Friday, January 25, 2013

DR Congo: More destruction


Médecins Sans Frontières reports



DRC: Thousands of Displaced Civilians at Risk in Katanga Province

DRC 2012 © Sandra Smiley/MSF
Patients in the inpatient department of an MSF hospital in Katanga Province.

NEW YORK, JANUARY 25, 2013—As tensions increase between government forces and Mai-Mai militias in Katanga province, southeastern Democratic Republic of Congo, all parties must avoid harming thousands of civilians who have fled into the surrounding bush, Doctors Without Borders/Médecins Sans Frontières (MSF) said today.

The exact extent of the displacement is hard to quantify, but most of the villages along a 115-kilometer [about 71 miles] road from Shamwana to Dubie are empty, as are villages along a 70-kilometer [about 43 miles] stretch between Shamwana and Mpiana.

Below is a piece ( 2010 ) from Friendly Planet News blog. 



Hundreds in the village were killed, and those not killed, fled into the forest where they struggled for food and shelter. The UN estimated the destruction of villages along the Red Road to be at the 80% level. Now, even 5 years later, the villages still look like they had been bombed back into the stone age. People are living in primitive grass huts or the ruined remains of where their homes used to be. The church at Kyubo was a mere footprint in the tall grass with three wooden crosses in front. (The picture shows the church under construction a year after our first visit.)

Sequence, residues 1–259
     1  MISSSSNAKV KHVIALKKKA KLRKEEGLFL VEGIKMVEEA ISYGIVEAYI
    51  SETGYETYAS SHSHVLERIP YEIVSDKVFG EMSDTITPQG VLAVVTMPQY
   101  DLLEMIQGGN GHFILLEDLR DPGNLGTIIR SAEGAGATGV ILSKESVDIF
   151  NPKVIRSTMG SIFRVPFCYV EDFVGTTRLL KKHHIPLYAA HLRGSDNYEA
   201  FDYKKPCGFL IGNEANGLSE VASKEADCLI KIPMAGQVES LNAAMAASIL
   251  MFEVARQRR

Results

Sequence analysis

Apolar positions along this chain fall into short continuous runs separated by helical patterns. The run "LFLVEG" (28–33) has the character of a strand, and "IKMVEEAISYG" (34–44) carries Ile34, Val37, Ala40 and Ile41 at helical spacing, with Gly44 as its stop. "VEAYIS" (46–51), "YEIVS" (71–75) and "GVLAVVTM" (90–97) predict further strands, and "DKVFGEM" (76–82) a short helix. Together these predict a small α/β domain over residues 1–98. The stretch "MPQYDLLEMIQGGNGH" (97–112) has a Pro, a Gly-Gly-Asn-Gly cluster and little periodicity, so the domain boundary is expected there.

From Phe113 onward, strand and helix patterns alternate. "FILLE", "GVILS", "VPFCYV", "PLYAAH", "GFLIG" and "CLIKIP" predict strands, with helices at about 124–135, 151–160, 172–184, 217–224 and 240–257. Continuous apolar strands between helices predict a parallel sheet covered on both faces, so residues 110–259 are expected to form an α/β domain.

It is instructive to note the term Red Road ( La Route Rouge ) also known as the Triangle of death (  La Triangle de la Morte ). The blood from the killings endured by the people of the Eastern Democratic Republic of Congo is said to have stained the road. This report  is also from the Katanga province in 2006.

NYONGA, KATANGA, 13 February 2006 (IRIN) - Two explosions from heavy weapons echoed from the eastern shore of Lake Upemba across the glassy waters to a tiny island formed from dead reeds. Displaced families were huddled there, under a makeshift shelter that was slowly sinking into the sludge. "From the sound of it, the army is pushing the Mayi-Mayi out of our villages," said Kulu Ngwande Abraham, an agronomist who fled his village by canoe with his wife and three children in mid-January. "We could soon be going back," he added. His wife, however, disagreed. "What happens when the army leaves and the Mayi-Mayi return?" she said. "We'll be worse off than we were." 

This remote wilderness of shallow lakes, marshes and quagmires near the source of the Congo River has become Katanga's newest battleground, as some 4,000 troops from the post-war army of the Democratic Republic of Congo (DRC) - many with little or no training - chase cat-and-mouse-style the even less disciplined Mayi-Mayi rebels across the vast expanses of the north and centre of the province. In the process, tens of thousands of civilians are being displaced, though nobody really knows exactly how many. Médecins Sans Frontièrs (MSF) provides assistance to displaced people in more locations in Katanga than any other organisation. The medical charity said it knew of 92,000 people that were displaced in the last year, but many more may be hiding in the bush, terrified that the Mayi-Mayi would get them.